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Modern Reformation: Thinking Theologically

The Power of the Resurrection in the Valley of the Shadow of Death

Published Thursday, April 30, 2020 By Andrew J. Miller

I can vividly imagine the valley below one of the many lookouts of “Skyline Drive” on the Blue Ridge Mountains in Virginia. On sunny days, one of the most eye-catching details of the landscape are the conspicuous dark spots that shade vast portions of the valley, those areas that are under the shadow of a cloud. This image helps me to understand Matthew’s relief and joy when he wrote of the arrival of Jesus Christ as light breaking through darkness: “the people who sat in darkness have seen a great light. And for those who lived in the land where death casts its shadow, a light has shined.”

On a deeper level, our whole world can be described as “the land where death casts its shadow.” The prospect of death casts a long shadow over life in this world. Few questions grip human beings more than the question of what comes after death. “All the peoples of the world,” Herman Bavinck explains, seek “some idea of it, and all religions include some kind of eschatology… The desire to know what happens to us after death is a universal human desire.”[1] The famous monologue of Shakespeare’s Hamlet expresses well this shadow: “For in that sleep of death what dreams may come, When we have shuffled off this mortal coil, Must give us pause… the dread of something after death, The undiscovered country…” Philosophers like Plato and Heidegger likewise wrote of man’s lifelong orientation towards death.

No wonder, then, that Psalm 23’s beautiful poetry, “yea though I walk through the valley of the shadow of death, I will fear no evil,” has captured hearts through the ages and finds frequent mention in pop-culture. Psalm 23, however, is just one of many passages in God’s Word that affirm the long shadow death casts over human life. Ecclesiastes expresses it in various ways (e.g., 2:14–17; 3:18–21; 6:6). Hebrews 2:15 goes so far as to say that all human beings are subject to the lifelong slavery that is the fear of death. The fear of death grips our whole existence—a reality manifested most recently with the COVID-19 pandemic.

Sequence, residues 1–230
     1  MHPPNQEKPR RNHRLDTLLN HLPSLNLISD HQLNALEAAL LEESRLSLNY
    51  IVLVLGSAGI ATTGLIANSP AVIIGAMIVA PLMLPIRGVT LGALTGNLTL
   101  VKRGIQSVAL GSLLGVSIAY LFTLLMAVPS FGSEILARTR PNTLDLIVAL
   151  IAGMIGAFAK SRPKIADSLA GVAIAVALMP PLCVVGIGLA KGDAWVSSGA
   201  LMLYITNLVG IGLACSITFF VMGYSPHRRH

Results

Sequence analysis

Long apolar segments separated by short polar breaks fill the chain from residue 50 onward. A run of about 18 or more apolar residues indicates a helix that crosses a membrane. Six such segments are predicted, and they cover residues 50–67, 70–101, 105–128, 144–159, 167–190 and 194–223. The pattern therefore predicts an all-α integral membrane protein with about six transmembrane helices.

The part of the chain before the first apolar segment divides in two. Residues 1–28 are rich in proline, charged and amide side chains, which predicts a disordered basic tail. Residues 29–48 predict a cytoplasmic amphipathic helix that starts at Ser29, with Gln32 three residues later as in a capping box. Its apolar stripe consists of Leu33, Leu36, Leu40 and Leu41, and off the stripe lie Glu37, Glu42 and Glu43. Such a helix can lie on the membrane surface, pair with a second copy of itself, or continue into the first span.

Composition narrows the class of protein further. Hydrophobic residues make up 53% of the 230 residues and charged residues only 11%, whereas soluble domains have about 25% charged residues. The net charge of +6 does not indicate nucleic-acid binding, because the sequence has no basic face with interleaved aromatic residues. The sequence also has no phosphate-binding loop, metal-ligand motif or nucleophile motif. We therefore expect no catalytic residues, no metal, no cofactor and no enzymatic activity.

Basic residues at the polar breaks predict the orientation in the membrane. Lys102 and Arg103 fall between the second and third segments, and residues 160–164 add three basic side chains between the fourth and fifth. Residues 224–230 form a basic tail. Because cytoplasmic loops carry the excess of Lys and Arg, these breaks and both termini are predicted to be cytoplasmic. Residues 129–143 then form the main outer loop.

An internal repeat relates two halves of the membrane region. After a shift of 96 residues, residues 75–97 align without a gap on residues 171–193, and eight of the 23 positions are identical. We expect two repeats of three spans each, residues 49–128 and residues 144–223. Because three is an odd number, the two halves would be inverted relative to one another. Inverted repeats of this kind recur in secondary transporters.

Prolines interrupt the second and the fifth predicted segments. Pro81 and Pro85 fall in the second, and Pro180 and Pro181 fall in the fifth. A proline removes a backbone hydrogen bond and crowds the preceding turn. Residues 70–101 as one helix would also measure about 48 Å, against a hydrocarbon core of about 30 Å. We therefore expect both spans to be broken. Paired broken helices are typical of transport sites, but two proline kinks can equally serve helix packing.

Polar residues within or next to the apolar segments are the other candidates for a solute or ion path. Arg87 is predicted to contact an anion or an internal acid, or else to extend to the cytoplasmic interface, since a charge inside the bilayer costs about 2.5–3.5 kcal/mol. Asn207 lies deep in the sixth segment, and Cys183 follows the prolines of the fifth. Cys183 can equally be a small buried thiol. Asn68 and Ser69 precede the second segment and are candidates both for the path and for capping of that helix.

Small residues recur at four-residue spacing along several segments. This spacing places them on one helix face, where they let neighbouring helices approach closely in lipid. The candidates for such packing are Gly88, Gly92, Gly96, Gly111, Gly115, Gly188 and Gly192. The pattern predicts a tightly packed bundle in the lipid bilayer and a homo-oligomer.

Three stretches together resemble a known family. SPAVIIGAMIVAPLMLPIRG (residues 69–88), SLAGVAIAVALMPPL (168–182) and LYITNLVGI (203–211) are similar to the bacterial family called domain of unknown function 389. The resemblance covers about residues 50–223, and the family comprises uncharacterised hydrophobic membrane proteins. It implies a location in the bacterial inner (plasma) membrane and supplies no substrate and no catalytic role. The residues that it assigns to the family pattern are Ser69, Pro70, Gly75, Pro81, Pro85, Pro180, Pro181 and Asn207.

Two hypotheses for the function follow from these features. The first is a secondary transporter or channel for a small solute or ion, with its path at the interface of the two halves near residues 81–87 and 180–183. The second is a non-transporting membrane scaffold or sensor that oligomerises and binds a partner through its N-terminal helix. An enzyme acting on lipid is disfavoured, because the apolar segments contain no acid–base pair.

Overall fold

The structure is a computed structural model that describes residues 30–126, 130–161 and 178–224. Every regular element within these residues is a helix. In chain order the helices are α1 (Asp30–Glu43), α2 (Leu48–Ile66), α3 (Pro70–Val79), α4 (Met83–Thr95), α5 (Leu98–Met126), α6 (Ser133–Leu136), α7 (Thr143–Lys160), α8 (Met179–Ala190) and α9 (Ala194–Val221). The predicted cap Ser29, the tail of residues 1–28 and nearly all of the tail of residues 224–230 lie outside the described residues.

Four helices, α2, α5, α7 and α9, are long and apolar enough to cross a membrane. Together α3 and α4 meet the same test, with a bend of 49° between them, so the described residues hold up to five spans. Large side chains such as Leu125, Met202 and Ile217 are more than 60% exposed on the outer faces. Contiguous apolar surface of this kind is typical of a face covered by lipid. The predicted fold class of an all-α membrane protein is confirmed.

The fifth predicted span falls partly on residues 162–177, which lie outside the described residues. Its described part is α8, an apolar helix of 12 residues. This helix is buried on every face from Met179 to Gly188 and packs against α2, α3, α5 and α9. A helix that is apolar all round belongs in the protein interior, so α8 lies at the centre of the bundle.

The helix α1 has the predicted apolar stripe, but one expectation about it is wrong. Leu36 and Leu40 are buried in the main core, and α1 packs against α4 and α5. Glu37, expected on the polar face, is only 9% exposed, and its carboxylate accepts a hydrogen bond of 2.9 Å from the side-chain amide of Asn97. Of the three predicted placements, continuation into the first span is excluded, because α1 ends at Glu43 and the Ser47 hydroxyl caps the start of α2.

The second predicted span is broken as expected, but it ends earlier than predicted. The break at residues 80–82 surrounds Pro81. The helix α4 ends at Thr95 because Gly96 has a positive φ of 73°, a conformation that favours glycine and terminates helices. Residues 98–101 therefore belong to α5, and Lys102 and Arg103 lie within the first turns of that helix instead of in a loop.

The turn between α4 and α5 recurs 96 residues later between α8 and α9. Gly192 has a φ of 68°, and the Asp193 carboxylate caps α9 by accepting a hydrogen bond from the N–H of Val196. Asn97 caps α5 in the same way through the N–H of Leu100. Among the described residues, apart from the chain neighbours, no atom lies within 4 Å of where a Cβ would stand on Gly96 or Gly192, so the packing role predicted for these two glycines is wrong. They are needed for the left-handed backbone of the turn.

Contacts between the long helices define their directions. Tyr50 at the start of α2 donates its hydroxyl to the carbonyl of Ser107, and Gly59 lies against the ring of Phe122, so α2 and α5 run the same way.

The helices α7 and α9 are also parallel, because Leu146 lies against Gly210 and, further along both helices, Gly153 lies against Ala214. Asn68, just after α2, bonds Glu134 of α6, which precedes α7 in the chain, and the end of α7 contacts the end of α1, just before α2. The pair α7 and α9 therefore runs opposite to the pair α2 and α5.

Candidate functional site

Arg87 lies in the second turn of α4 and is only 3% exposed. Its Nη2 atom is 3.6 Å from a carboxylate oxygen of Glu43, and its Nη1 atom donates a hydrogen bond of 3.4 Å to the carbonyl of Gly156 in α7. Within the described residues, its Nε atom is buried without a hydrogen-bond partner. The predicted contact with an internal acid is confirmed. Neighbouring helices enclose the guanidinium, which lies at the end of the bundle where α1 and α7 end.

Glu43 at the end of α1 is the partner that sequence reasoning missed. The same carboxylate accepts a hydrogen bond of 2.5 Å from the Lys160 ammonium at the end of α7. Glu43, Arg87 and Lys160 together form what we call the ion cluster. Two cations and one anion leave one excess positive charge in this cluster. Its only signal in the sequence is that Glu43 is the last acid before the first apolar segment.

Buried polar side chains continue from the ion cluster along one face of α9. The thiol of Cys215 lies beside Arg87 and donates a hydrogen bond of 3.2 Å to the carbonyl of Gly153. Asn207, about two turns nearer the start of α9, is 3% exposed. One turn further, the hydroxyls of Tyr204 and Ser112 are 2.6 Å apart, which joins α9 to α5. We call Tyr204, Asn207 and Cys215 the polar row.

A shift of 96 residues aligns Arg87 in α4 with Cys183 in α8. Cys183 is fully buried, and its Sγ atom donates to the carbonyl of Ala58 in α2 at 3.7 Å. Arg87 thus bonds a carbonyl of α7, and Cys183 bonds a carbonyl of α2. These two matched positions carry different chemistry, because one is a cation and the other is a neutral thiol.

This fear of death subtly affects how people act and think. We get so frustrated and impatient when our time seems to be wasted because we know that our minutes are limited, death ever approaching. The scarcity of life makes us think twice before laying down our lives for others or God. Walter Marshall made this point in his great work on sanctification, arguing that someone who does not believe in resurrection after death, like the ancient Sadducee, will not sacrifice for God: “How can he willingly choose afflictions rather than sin, when he shall be more miserable in this life for it, and not at all happy thereafter?”[2] The Apostle Paul said as much, telling the Corinthians that if the dead are not raised, his own suffering for Christ was in vain: “What do I gain if, humanly speaking, I fought with beasts at Ephesus? If the dead are not raised, ‘Let us eat and drink, for tomorrow we die’” (1 Cor. 15:32). In other words, the prospect of death, without the hope of eternal life, extinguishes courage and charity, leaving only the fatalistic response of the hopeless in Isaiah 22:13: “Let us eat and drink, for tomorrow we die.”

Christians today, then, live among people who vacillate on a spectrum between dread, angst, ennui, and the “you-only-live-once” (YOLO) mentality: “live your best life now, it is all you have, life is too short not to pursue what you want.” This provides an opportunity to testify to our “living hope” that comes “through the resurrection of Jesus Christ from the dead” (1 Pet. 1:3). We testify that Christ died and rose that “through death he might destroy the one who has the power of death, that is, the devil, and deliver all those who through fear of death were subject to lifelong slavery” (Heb. 2:14-15). We believe that death does not bring the end, but ushers one to their eternal dwelling. The startling words of Philippians 1:21, “For to me to live is Christ, and to die is gain” reflect this truth that death now conducts the believer into heavenly glory. Christ has vanquished death; he will fulfill Isaiah 25’s promise that God “will swallow up death forever.”